DevOps Chicago - The Game Of Operations and the Operation of Games

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Operating online games is fun and challenging. Games are some of the spikiest workloads around, and real-time really means *real-time*. Randy shares many of the DevOps techniques he has been putting into practice at KIXEYE, including migrating to the cloud, organizing around services, and focusing on automation. He illustrates his points with war stories from operating large-scale services at Google and eBay.

Please see companion video at https://vimeo.com/95841677.

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DevOps Chicago - The Game Of Operations and the Operation of Games

  1. 1. The Game of Operations and The Operation of Games Randy Shoup @randyshoup linkedin.com/in/randyshoup DevOps Chicago Meetup, May 19 2014
  2. 2. Background CTO at KIXEYE • Real-time strategy games for web and mobile Director of Engineering for Google App Engine • World’s largest Platform-as-a-Service Chief Engineer at eBay • Multiple generations of eBay’s real-time search infrastructure
  3. 3. Real-Time Strategy Games are … • Real-time • Spiky • Computationally- intensive • Constantly evolving • Constantly pushing boundaries  Technically and operationally demanding
  4. 4. Operating Games: Goals Player Fun • If players aren’t playing, we don’t have a business • If players aren’t having fun, we don’t have a business for long • Fun includes game mechanics, feature set, quality, performance Studio Velocity • 8 *highly independent* game studios • Different tech stacks, tool chains, phases of development Developer Productivity and Satisfaction • We are a vendor; the studios are our customers • Must be *strictly better* than the alternatives of build, buy, borrow Cost Efficiency • More output for less
  5. 5. The Game of Operations Cloud • All studios and services moving to AWS • Strong focus on automation Services • Small, focused teams • Clean, well-defined interface to customers DevOps • Developers behave like Ops • Ops behaves like Developers
  6. 6. The Game of Operations Cloud Services DevOps
  7. 7. Why Cloud? (The Obvious) Provisioning Speed • Minutes, not weeks • Autoscaling in response to load Near-Infinite Capacity • No need to predict and plan for growth • No need to defensively overprovision Pay For What You Use • No “utilization risk” from owning / renting • If it’s not in use, spin it down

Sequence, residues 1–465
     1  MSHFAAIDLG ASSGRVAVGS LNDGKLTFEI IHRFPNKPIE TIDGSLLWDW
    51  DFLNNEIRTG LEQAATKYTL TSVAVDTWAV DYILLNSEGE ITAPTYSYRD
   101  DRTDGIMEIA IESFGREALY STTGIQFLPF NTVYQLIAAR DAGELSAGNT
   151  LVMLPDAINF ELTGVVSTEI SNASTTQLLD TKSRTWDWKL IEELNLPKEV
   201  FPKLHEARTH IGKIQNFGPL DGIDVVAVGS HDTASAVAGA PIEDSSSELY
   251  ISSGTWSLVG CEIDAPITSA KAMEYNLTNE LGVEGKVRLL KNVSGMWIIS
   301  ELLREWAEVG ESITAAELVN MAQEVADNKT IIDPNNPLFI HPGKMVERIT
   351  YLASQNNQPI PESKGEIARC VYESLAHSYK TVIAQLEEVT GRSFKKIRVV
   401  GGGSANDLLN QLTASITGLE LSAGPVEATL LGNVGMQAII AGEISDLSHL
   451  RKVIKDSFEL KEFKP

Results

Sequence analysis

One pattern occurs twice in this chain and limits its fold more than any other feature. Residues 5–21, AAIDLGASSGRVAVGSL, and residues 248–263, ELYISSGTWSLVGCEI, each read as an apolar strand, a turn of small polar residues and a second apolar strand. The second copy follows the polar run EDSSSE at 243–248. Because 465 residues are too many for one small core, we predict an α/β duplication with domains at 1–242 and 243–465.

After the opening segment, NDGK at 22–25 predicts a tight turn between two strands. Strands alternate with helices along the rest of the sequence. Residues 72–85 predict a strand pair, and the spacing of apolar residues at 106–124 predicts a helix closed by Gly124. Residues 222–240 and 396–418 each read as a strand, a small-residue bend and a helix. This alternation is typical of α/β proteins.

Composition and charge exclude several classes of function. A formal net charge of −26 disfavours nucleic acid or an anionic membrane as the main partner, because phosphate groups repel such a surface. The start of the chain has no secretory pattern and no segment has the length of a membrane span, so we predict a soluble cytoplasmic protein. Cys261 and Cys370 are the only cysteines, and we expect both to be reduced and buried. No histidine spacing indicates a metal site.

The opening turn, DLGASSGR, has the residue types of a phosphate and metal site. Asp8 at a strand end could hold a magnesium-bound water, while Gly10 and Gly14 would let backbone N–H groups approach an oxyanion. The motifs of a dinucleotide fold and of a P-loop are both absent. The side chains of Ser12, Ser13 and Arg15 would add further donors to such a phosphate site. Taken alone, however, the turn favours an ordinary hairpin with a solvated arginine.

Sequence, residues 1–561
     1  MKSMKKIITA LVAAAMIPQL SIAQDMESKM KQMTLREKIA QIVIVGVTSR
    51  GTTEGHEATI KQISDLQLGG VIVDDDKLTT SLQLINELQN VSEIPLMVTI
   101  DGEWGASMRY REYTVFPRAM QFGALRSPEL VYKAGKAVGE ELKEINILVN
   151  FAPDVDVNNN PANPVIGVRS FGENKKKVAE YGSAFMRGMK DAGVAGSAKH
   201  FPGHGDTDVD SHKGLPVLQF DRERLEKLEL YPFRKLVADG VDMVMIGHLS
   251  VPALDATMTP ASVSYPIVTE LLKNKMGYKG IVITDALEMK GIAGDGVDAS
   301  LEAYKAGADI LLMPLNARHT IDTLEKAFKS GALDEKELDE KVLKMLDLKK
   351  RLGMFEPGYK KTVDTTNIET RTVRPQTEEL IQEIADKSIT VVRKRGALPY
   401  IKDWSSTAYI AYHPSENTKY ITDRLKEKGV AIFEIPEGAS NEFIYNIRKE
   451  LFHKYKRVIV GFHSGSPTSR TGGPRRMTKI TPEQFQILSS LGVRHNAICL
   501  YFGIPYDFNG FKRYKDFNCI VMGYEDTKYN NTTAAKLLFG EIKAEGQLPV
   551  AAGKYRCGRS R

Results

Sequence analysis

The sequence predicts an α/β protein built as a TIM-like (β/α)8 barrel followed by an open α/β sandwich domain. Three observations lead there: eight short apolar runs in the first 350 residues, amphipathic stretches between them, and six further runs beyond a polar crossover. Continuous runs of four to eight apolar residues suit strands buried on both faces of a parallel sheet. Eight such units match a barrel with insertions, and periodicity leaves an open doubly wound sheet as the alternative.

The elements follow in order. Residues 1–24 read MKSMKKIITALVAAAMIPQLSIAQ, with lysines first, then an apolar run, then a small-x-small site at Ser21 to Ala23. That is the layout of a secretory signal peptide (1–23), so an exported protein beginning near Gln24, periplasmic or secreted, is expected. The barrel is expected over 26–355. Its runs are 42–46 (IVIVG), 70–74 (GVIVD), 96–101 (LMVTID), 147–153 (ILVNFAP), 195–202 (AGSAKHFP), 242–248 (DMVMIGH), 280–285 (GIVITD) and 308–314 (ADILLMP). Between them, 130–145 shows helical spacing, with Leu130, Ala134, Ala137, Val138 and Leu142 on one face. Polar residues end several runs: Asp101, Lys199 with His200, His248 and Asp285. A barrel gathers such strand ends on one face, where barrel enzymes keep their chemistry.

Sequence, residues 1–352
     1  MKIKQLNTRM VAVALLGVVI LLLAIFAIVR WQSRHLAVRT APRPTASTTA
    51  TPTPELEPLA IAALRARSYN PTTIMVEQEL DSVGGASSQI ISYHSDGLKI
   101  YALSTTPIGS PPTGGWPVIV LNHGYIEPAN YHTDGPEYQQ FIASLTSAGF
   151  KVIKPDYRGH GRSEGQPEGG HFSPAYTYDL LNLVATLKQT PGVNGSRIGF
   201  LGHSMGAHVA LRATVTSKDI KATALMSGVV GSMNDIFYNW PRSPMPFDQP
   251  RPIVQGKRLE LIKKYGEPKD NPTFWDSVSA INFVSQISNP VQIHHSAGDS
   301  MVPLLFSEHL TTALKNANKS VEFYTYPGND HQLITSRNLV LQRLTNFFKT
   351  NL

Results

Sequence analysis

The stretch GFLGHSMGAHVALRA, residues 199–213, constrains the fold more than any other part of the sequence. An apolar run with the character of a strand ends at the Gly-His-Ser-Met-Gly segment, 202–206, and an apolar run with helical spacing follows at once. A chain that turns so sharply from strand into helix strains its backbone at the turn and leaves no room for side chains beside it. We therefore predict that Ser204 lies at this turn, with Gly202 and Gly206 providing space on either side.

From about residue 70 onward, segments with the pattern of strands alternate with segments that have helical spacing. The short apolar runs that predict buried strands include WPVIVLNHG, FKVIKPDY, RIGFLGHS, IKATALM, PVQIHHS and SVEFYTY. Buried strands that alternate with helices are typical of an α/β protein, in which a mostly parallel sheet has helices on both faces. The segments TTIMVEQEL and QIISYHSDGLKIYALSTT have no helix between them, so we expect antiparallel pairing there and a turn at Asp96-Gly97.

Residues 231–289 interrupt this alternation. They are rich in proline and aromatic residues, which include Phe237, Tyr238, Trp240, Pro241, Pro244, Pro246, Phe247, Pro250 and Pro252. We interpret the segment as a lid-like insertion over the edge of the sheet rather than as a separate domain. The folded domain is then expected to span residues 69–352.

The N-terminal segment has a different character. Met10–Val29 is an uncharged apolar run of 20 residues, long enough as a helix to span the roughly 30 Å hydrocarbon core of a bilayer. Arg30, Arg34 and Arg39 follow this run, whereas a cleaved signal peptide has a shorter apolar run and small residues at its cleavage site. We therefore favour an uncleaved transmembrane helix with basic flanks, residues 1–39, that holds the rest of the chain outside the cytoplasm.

8. 8. Why Cloud? (The Less Obvious) Instance Optimization Opportunities • Instance shapes to fit most parts of the solution space (compute-intensive, IO- intensive, etc.) • If the shape does not fit, try another Service Quality • Amazon and Google know how to run data centers • Battle-tested and highly automated • World-class networking, both cluster fabric and external peering
  9. 9. Why Cloud? (The Fundamentals) Right Side of History • Almost impossible to beat Google / Amazon buying power or operating efficiencies • 2010s in computing are like 1910s in electric power • Soon it will be just as common to run your own data center as it is to run your own electric power generation (!) Easy and Fun • It Just Works ™ • Makes it easy to fall in love with infrastructure 
  10. 10. Autoscaling Games are very spiky • Very unpredictable • Huge variability between peak and trough • Hits are self-reinforcing Services and clients have to “flex” • Clients back off in response to latency • Services grow / shrink based on load Service Cluster == AWS Auto-Scale Group • Scale up or down based on predefined metrics, thresholds
  11. 11. Automation Work at KIXEYE Build / Deploy Pipeline • One button • Puppet -> Packer -> AMI -> Asgard • No-downtime red-black deployment • Futures: canarying, auto-rollback Manageability • Flume -> ElasticSearch / Kibana for logging • Shinken -> PagerDuty for monitoring and alerting
  12. 12. The Game of Operations Cloud Services DevOps